NGO survey reveals danger posed to students whose schools are housed in unfinished buildings

Precious Talent Top School, the structure collapsed just minutes after the start of the school day

By Jackson Kairu

The heavily congested city estates in Nairobi are not only home to insecure buildings erected without following safety guidelines, but they also house private academies and primary schools in unfinished buildings that are still undergoing construction.

According to an extensive survey commissioned by the directorate of communication, research, and policy studies at the NGO council of Kenya, the buildings pose a major risk to young learners. Last year the roof to a privately run academy in the Langata area caved in killing a number of young learners at Precious Talent Top School, the structure collapsed just minutes after the start of the school day. It was later established that the school buildings were made of substandard mesh wires, wood and substandard concrete instead of concrete steel supports. To make matters worse the school owner was charged but the county government officials who approved the buildings went scot-free.

The study further revealed that despite constant warnings by the ministry of education and that of health on the importance of observing Covid- 19 health guidelines; cases of poor mask use and almost zero social distance are at play while most of the schools are overcrowded.

A restaurant owner nearby laughed off the social distance rule as she dished out food to overcrowded customers too hungry to care about who was seated next. Most had no mask, and the hotel owner said “colona” is for the rich politicians who are out to make money from donors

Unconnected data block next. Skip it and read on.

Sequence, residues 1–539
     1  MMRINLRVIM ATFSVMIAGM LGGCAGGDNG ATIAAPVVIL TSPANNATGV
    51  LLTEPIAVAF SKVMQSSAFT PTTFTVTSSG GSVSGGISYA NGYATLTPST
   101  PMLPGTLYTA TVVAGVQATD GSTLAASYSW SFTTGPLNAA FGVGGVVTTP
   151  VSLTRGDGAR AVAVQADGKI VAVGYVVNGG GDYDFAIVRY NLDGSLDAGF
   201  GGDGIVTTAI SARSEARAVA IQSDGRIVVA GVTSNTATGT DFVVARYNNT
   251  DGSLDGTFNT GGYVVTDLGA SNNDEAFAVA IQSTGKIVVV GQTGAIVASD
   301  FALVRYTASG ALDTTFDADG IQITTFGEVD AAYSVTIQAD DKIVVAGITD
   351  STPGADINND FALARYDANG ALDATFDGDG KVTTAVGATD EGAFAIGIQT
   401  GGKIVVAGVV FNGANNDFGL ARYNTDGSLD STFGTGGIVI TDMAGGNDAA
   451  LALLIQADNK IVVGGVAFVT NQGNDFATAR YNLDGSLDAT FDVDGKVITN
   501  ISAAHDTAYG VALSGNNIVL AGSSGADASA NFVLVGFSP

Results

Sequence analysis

While the risk to learners in the half-done buildings remains a constant concern, further studies revealed that poor sanitation caused by blocked drainage and uncollected rotting garbage is a major health hazard. The study also showed there is a looming health hazard from the proliferating eating houses next to the blocked drainage system and overflowing raw sewer “The major risk here is not even Covid -19″ said a maize roaster who was not even wearing a mask, he added that most people are concerned about where they will find the next meal and not worrying about social distance and washing hands. A restaurant owner nearby laughed off the social distance rule as she dished out food to overcrowded customers too hungry to care about who was seated next. Most had no mask, and the hotel owner said “colona” is for the rich politicians who are out to make money from donors.

Chairman of the National Council of Non-Governmental Organisations (NGOs)Stephen Cheboi

The extensive studies were conducted in Kayole, Dandora, Huruma, Mathare, Kangemi, Dagoretti corner, and Satellite with startling findings on the social distance safeguard against the Covid -19 pandemic.

 Out of every 10 people, only 2 expressed concerns about keeping social distance. Out of 10, only 4 kept wearing masks while the majority had masks on their jaws lowered only worn at the sight of cops. Commenting on the studies, Union of Kenya Civil Servants secretary-general Mr Tom Mboya Odege called on Nairobi County to improve on sanitation, lighting and infrastructure.

“We have many civil servants living in these areas and are exposed to health risks that could be avoidable,” he said. Odege warned that overcrowding in schools was “frightening” considering the ravaging Covid pandemic that spreads faster with the current cold spell in Nairobi. He challenged city sub-county authorities to unblock drainages and sewers and find more efficient garbage collection and recycling processes.

Union of Kenya Civil Servants (UKCS) Secretary General Tom Odege

NGO council chairman Mr Stephen Cheboi in reaction to the studies expressed alarm over open-air cooking of fish and chips below high voltage Kenya Power transformers in Eastlands. He said some of the power poles are made of wood and in case of a fire outbreak, “we could be staring at a major disaster” he warned.

Cheboi also said schools in unfinished buildings are a major risk and wondered how school inspectors allowed the facilities to expose learners to such grave risks “This is criminal negligence from education officials who approved such schools to operate and expose children to grave danger?”, he wondered.

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